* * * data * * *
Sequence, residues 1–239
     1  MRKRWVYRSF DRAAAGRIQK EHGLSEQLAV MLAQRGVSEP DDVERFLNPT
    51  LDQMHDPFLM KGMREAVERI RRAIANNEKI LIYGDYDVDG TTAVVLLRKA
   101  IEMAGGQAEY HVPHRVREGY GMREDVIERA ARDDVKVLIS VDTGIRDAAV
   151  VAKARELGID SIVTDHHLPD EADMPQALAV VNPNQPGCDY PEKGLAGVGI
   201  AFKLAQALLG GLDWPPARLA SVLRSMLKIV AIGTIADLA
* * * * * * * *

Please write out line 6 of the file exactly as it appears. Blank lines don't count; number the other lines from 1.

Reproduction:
   201  AFKLAQALLG GLDWPPARLA SVLRSMLKIV AIGTIADLA